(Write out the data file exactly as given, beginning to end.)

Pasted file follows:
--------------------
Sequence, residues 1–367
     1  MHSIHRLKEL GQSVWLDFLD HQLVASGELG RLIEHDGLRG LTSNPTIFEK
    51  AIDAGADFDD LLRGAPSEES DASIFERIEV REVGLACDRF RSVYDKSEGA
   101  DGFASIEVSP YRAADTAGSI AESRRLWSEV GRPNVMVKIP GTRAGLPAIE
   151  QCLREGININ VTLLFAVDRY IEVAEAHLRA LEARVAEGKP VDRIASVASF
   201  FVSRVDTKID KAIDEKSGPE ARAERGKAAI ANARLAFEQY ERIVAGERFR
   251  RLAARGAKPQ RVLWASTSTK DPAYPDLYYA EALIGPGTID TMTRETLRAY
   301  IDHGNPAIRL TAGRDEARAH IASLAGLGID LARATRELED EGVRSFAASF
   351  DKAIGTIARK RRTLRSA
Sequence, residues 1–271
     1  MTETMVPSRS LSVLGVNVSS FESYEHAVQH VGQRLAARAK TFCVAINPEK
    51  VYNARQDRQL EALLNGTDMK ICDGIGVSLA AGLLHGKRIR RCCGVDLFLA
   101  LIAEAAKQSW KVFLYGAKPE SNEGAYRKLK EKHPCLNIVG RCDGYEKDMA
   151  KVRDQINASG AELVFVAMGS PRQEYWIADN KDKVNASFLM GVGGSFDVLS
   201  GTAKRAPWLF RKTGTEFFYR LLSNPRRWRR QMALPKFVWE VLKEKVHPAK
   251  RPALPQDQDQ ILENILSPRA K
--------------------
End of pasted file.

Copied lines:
Sequence, residues 1–367
     1  MHSIHRLKEL GQSVWLDFLD HQLVASGELG RLIEHDGLRG LTSNPTIFEK
    51  AIDAGADFDD LLRGAPSEES DASIFERIEV REVGLACDRF RSVYDKSEGA
   101  DGFASIEVSP YRAADTAGSI AESRRLWSEV GRPNVMVKIP GTRAGLPAIE
   151  QCLREGININ VTLLFAVDRY IEVAEAHLRA LEARVAEGKP VDRIASVASF
   201  FVSRVDTKID KAIDEKSGPE ARAERGKAAI ANARLAFEQY ERIVAGERFR
   251  RLAARGAKPQ RVLWASTSTK DPAYPDLYYA EALIGPGTID TMTRETLRAY
   301  IDHGNPAIRL TAGRDEARAH IASLAGLGID LARATRELED EGVRSFAASF
   351  DKAIGTIARK RRTLRSA
Sequence, residues 1–271
     1  MTETMVPSRS LSVLGVNVSS FESYEHAVQH VGQRLAARAK TFCVAINPEK
    51  VYNARQDRQL EALLNGTDMK ICDGIGVSLA AGLLHGKRIR RCCGVDLFLA
   101  LIAEAAKQSW KVFLYGAKPE SNEGAYRKLK EKHPCLNIVG RCDGYEKDMA
   151  KVRDQINASG AELVFVAMGS PRQEYWIADN KDKVNASFLM GVGGSFDVLS
   201  GTAKRAPWLF RKTGTEFFYR LLSNPRRWRR QMALPKFVWE VLKEKVHPAK
   251  RPALPQDQDQ ILENILSPRA K